Making the Most of Israel’s Renewed Relations with Morocco

On December 10, 2020, following on the heels of the Abraham Accords, Jerusalem and Rabat concluded an agreement to establish full diplomatic relations, reviving and expanding the low-level ties that emerged during the 1990s and were broken off during the second intifada. Simultaneously, the Moroccan government has invested in establishing Jewish museums—inaugurating two this year—and preserving historical Jewish sites. Pro-Palestinian sentiment nonetheless remains high in the country, and King Mohammed VI sees himself as the protector of the Palestinian people. Sam Millner, Morr Link, and Ofir Winter explain, and offer some suggestions to Israeli diplomats:

Attitudes toward Judaism are rooted in a broader agenda cultivated by King Mohammed VI to promote a national identity characterized by religious, cultural, and ethnic pluralism, as documented by the country’s 2011 constitution, which stipulates that Moroccan unity “is forged by the convergence of its Arab-Islamist, Berber [Amazigh], and Saharan-Hassanic components, nourished and enriched by its African, Andalusian, Hebraic, and Mediterranean influences.”

The positive momentum in Israel-Morocco relations cannot be taken for granted in light of the challenges that these relations face, chief among them Morocco’s position toward the Palestinians.

Israel should capitalize on the overlapping aspects of its history with Morocco to develop bilateral relations further, especially in civilian ties: in sports, academia, arts, and culture, where people-to-people connections are paramount. This way, the countries’ shared heritage and cultural affinity could serve as a lever for enhancing dialogue and cooperation.

A final recommendation stems from a broader understanding of the Abraham Accords and the values they embody. Hardline religious discourse encumbers the ability to promote dialogue and construct mutually respectful and tolerant narratives. Israeli representatives are therefore encouraged to promote ways to engage with Moroccan discourse on religious and cultural pluralism, and consider concrete policies and activities that could advance these ideas, such as promoting dialogue and coexistence between Jews and Muslims in Israel and beyond. Such policies could increase Israel’s ability to develop ties with Arab and Muslim countries—and benefit Israeli society as well.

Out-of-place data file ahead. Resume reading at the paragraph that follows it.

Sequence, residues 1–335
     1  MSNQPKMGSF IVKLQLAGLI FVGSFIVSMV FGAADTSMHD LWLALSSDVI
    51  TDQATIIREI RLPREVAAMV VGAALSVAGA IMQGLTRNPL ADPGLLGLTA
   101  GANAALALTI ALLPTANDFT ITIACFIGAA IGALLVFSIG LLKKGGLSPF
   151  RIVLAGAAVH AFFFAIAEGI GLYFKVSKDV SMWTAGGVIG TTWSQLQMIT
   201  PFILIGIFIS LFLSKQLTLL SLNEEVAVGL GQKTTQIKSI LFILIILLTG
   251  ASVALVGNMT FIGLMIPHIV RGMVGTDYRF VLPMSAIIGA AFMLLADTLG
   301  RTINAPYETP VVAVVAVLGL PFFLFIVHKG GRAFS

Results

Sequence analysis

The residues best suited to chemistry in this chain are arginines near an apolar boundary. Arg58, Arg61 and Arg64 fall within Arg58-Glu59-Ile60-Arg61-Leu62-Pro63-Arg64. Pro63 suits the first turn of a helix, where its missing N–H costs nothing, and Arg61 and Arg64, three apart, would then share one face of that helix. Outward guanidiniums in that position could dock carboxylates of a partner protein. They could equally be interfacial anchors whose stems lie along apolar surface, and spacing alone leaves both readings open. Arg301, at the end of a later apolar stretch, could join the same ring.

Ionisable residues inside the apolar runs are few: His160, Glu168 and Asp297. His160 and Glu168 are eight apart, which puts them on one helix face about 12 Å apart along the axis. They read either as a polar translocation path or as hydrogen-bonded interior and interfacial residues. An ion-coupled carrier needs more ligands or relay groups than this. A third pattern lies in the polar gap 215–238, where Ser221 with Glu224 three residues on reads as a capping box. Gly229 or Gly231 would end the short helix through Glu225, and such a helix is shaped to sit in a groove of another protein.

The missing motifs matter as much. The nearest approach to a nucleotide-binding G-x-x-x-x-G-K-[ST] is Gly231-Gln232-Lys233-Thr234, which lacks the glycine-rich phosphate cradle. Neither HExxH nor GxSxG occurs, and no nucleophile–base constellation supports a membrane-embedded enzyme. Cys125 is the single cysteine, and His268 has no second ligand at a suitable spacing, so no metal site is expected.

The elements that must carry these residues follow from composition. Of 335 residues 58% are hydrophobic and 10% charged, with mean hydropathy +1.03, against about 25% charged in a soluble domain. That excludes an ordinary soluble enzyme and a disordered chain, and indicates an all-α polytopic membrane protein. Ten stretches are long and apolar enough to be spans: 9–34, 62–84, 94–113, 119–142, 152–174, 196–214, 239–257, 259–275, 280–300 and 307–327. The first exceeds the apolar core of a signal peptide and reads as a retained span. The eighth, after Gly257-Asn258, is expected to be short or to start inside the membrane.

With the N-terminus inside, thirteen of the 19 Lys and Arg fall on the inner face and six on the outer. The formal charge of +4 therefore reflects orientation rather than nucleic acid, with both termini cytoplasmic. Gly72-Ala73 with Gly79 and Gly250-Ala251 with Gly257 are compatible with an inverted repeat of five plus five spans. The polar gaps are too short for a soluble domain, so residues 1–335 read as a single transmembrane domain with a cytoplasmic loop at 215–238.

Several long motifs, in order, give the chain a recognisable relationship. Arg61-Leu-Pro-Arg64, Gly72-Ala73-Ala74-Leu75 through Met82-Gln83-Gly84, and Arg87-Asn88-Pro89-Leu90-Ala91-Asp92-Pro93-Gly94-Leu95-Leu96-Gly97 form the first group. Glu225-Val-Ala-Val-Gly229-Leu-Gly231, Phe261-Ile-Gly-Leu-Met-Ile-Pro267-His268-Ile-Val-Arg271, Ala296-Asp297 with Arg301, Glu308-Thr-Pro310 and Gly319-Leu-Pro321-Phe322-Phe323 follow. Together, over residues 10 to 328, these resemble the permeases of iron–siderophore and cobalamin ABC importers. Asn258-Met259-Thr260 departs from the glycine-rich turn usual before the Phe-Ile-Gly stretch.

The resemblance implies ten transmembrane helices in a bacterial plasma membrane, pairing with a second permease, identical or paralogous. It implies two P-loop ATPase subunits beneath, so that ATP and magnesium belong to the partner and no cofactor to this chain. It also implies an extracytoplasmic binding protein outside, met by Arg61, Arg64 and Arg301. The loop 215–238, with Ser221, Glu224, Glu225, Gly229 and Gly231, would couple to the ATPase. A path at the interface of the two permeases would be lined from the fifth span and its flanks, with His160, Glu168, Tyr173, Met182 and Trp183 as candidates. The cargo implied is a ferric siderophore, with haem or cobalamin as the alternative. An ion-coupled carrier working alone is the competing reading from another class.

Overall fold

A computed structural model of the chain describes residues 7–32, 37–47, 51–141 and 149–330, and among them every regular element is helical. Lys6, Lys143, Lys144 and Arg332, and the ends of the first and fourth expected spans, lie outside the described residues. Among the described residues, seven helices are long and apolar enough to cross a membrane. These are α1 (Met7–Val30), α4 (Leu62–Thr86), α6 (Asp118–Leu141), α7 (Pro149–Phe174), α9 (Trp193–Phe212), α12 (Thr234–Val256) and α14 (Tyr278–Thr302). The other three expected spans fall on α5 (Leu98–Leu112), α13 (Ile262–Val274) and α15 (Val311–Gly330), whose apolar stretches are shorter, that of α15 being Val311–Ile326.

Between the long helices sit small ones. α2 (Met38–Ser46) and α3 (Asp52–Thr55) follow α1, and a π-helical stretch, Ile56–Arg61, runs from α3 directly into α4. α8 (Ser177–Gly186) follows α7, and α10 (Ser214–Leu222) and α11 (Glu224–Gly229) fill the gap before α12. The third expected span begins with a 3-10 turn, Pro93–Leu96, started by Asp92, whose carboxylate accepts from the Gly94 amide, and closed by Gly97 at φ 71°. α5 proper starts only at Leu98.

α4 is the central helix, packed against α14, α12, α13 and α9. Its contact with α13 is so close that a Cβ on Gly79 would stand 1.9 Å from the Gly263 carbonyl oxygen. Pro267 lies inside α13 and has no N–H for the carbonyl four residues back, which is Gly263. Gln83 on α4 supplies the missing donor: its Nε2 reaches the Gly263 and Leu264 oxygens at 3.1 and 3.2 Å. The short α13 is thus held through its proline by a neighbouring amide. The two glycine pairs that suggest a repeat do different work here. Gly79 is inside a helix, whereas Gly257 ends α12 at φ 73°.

Read more at Institute for National Security Studies

More about: Abraham Accords, Israeli-Palestinian Conflict, Morocco

An American Withdrawal from Iraq Would Hand Another Victory to Iran

Since October 7, the powerful network of Iran-backed militias in Iraq have carried out 120 attacks on U.S. forces stationed in the country. In the previous year, there were dozens of such attacks. The recent escalation has led some in the U.S. to press for the withdrawal of these forces, whose stated purpose in the country is to stamp out the remnants of Islamic State and to prevent the group’s resurgence. William Roberts explains why doing so would be a mistake:

American withdrawal from Iraq would cement Iran’s influence and jeopardize our substantial investment into the stabilization of Iraq and the wider region, threatening U.S. national security. Critics of the U.S. military presence argue that [it] risks a regional escalation in the ongoing conflict between Israel and Iran. However, in the long term, the U.S. military has provided critical assistance to Iraq’s security forces while preventing the escalation of other regional conflicts, such as clashes between Turkey and Kurdish groups in northern Iraq and Syria.

Ultimately, the only path forward to preserve a democratic, pluralistic, and sovereign Iraq is through engagement with the international community, especially the United States. Resisting Iran’s takeover will require the U.S. to draw international attention to the democratic backsliding in the country and to be present and engage continuously with Iraqi civil society in military and non-military matters. Surrendering Iraq to Iran’s agents would not only squander our substantial investment in Iraq’s stability; it would greatly increase Iran’s capability to threaten American interests in the Levant through its influence in Iraq, Syria, and Lebanon.

Read more at Providence

More about: Iran, Iraq, U.S. Foreign policy